There may be another clue but, again, this is by no means conclusive. Edward's first daughter, Ann, was baptized in January 1648. A second daughter, also an Anne, was baptized in 1650. It was the custom for a child to bear the name of an elder sibling if their namesake had died but I couldn't find a burial for the first child in Oldswinford. Nevertheless, I did find a burial of an Anne Whorwood in June 1648 in Bobbington, although there is no age listed. Could this be Edward's eldest daughter? Did the family take her back to Edward's original home for burial? We simply cannot be certain.

Finally, if Gerrard Whorwood was indeed Edward's father then it looks as though Edward had a sister named Susan or Susanna. She was baptized in Bobbington in 1630 and married John Knocker there in 1667. Might Edward's daughter, Susanna, have been named after her aunt? The evidence is circumstantial and these conclusions remain purely speculative at this stage.

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18th Century Barbers with a Gruesome Sideline

Category: Ancestors Corner

Barbers PoleCatching up once more with my York family from Oldswinford, Worcestershire, the parents of my 5 x great-grandfather, George York, were yet another George York and his wife, Hannah nee Littleford.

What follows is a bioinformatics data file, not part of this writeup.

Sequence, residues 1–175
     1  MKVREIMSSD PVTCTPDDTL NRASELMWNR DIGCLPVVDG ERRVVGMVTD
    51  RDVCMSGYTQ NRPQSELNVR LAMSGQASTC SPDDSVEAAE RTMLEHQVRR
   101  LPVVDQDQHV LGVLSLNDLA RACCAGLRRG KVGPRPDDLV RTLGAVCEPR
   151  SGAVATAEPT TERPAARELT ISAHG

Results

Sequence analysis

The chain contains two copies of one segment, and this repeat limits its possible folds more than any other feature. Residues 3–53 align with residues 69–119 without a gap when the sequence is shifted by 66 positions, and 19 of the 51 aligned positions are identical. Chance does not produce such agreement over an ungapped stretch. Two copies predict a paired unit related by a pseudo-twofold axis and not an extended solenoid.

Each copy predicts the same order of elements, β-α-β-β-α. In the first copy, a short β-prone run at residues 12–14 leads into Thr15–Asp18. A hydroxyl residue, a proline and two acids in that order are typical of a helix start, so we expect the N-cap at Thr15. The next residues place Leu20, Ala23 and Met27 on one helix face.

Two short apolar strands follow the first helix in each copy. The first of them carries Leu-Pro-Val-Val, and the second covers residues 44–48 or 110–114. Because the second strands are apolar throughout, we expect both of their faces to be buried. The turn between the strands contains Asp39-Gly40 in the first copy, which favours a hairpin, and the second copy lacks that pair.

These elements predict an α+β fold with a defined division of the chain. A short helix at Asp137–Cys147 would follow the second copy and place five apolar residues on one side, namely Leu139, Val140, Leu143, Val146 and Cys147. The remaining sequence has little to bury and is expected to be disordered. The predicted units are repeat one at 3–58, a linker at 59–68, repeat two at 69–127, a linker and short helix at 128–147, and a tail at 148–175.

6 x Great-Grandpa George had an unusual occupation. In 1711, he took on an apprentice called Francis Tole so he could learn from George how to become a barber-surgeon and periwig maker. You may be familiar with the red and white poles which would regularly appear outside barber shops. This used to represent the blood and bandages used to clean up bloodletting which was one of the main tasks of the barber-surgeon together with early dentistry (teeth extraction), performing enemas and surgery, selling medicines and not to forget, shaving and cutting hair.

The profession developed in medieval times but eventually surgery became a separate profession and barbers were increasingly forbidden to carry out surgical procedures except for teeth extraction and bloodletting, as if that wasn't bad enough! The two professions were finally separated by George II in 1745 when the London College of Surgeons was established.

George York's father, Edward York, was a tailor by trade, as was another of Edward's sons, Henry York. Henry was the grandfather of Thomas Crane who you might recall from an earlier post was the cousin named as an executor in 5 x Great-Grandpa George York's will.

Another son, John, was described as a victualler living in Amblecote, Staffordshire and later he was an innholder in Stourton, Kinver, in the same county. John was mentioned in his mother, Susanna's will, together with a number of other siblings but he died shortly after his mother's death and before probate was granted.

Besides Edward and Susanna's seven children which I have listed on my tree, there are a number of baptisms for other children who may also have been their offspring. However, there remains some ambiguity about these and so I have chosen not to include them.

Susanna's maiden name was Whorwood and my next post will shed further light on her ancestry.

Did any of your ancestors have an unusual occupation? Please share your stories in the comments section of my blog or on Facebook.